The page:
In between the limestone rocks are the most lovely little plants, ferns and wildflowers taking advantage of the shelter the stones give them.  An amazing landscape.

 Then we headed north again to what is probably my favorite part of England (do I have to choose a favorite??) the Yorkshire Dales.  This is James Herriot country where the fictional (and the actual vet who wrote the books) drove over these incredible winding steep roads to visit the isolated farmhouses in the deep dales and top of the high moors.  This country is so beautiful.  I've been here twice before the first time on my very first trip and I keep coming back.

My incentive for dragging us all the way back here to North Yorkshire was a bit part to meet Pat, a woman who I had only known through her blog, The Weaver of Grass.  She writes about the life of her and her husband who she calls the Farmer on their farm near Leyburn.  The idea of meeting these people in person was such a wonderful idea.  When I emailed Pat telling her that we were coming over and suggesting we get together for lunch or something she invited us to come to the farm and spend the night.  We were delighted.  And it was such a lovely time.  We went for a walk with the Farmer around the farm in the late afternoon and Pat cooked us a delicious dinner with lots of local food and enjoyed telling us where it came from and whose farm it was raised on.  We spent the evening talking as if we had known each other for ages.  And well, we had, through our blogs.  I love the internet and the way it has opened up the world.  I am so so much richer for it.
Thank you, Pat, and the Farmer, for your hospitality and friendship and the great dinner and breakfast and all the sandwiches you made us for the train trip back to London.  It was the perfect ending for such a perfect trip.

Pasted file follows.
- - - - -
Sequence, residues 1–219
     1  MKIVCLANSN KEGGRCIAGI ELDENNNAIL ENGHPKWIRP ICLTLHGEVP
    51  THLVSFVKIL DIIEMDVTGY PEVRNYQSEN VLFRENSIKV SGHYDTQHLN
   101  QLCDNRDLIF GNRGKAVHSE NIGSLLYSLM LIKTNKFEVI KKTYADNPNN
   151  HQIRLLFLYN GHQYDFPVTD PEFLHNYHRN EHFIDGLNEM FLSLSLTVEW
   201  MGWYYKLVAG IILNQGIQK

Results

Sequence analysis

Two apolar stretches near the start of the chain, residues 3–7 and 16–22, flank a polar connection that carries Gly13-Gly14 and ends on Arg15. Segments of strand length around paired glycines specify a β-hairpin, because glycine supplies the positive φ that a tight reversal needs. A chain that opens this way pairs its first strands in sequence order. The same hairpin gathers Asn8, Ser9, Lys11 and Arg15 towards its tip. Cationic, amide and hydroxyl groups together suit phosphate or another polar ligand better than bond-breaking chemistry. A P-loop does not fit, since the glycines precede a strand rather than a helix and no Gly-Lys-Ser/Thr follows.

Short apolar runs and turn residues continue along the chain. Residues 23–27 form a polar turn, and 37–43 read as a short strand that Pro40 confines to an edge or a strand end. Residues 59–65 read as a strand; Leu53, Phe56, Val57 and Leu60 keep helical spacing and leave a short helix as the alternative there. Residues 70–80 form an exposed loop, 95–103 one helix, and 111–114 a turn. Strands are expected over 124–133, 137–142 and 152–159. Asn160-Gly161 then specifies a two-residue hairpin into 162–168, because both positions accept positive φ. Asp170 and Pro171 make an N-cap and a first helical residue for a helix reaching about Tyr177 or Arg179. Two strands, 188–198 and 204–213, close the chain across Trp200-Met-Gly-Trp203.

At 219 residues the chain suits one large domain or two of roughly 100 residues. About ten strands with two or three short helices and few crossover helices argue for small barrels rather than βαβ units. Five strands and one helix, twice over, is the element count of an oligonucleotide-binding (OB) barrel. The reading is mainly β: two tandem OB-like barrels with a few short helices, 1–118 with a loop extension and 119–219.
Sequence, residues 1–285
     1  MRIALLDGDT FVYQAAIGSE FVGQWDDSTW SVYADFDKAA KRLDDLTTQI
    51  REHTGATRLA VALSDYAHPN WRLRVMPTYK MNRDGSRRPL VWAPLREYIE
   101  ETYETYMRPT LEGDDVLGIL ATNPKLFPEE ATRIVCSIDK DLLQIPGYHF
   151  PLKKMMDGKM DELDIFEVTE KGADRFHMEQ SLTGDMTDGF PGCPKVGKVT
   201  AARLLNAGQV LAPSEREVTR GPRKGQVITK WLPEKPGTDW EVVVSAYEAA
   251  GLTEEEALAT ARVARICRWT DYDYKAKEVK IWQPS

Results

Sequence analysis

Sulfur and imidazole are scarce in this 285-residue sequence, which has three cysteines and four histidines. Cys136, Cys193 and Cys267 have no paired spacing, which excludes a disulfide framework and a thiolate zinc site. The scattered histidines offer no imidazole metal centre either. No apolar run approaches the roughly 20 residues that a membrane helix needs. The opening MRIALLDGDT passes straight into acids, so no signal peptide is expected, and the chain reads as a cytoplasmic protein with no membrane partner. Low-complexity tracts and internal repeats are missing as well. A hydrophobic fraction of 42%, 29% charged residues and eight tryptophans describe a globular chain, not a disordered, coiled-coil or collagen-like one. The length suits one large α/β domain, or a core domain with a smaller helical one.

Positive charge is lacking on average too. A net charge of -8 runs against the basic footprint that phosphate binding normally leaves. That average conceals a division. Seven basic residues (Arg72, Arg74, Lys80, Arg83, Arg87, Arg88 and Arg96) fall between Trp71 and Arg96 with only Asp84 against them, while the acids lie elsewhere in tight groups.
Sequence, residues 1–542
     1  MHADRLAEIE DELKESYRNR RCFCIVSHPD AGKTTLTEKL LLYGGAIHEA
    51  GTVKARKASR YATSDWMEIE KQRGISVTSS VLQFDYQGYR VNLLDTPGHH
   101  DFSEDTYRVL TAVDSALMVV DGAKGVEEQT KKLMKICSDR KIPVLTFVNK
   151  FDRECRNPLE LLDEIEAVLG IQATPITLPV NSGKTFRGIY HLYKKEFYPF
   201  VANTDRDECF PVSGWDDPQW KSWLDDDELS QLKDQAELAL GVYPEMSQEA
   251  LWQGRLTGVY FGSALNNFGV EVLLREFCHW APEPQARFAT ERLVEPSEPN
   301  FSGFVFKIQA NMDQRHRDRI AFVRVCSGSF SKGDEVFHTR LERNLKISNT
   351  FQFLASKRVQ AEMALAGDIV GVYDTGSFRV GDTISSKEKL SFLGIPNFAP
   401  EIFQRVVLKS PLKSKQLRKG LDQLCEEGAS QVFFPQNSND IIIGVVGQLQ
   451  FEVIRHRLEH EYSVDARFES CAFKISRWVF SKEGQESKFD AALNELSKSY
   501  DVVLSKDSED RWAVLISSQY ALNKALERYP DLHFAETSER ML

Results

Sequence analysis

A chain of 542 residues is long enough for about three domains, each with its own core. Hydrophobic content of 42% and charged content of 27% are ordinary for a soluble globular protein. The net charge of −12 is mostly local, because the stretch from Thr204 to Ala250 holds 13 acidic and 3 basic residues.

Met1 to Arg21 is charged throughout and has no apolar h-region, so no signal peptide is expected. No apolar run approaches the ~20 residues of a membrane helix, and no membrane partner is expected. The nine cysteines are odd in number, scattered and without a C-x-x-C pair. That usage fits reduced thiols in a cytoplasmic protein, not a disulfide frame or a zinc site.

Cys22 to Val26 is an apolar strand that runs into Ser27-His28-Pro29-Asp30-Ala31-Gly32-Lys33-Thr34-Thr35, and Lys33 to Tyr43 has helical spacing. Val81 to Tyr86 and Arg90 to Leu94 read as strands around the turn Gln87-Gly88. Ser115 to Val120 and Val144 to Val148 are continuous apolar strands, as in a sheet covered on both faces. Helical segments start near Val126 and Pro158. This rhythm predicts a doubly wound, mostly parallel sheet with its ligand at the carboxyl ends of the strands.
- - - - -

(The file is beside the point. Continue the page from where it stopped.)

And then the next morning we drove our heroic car that had survived all those narrow twisty roads, steep grades, all our stuff and muddy feet and Joel's driving on the "other" side of the road to York where we left it and took the train to London.  We found our hotel not far from Kings Cross station where we came in and where we would get our train out to Gatwick the next day.  None of us really wanted to go out and see any of London so we holed up in the hotel, ate the rest of Pat's sandwiches for dinner and watched an episode of Autumnwatch on the BBC.  And then we went home.  And started dreaming about going back.  I love England.

Thursday, November 21, 2013

Peak District to Bronte country

  We headed into the Peak District National Park and stopped at Winnats Pass, a steep gorge surrounded by limestone cliffs.  We drove down to the bottom of the pass  and  Joel and I walked about 2/3 of the way back up through this gate into a field full of sheep.
 Siri climbed all the way back up to the top.

We headed north through the park trying again to avoid big cities, this time Sheffield and Manchester.  I had never been in this part of the country and it was so beautiful.  The fall colors were lovely all through the trip but here we often saw larch trees in their lovely golden fall color. 
 We were headed to Haworth for the night, the town the Brontes lived in.  We passed a bit of the Rochdale Canal and decided that there was still enough daylight to stop and look at the canal boats for a little bit.  We keep dreaming of renting one and exploring some of the countryside this way.
The Haworth hostel was in a big old 19th century manor house with one of the loveliest stained glass windows I think I've ever seen, pomegranates and swallows.
Photos of the stained glass window were taken by Siri Thorson.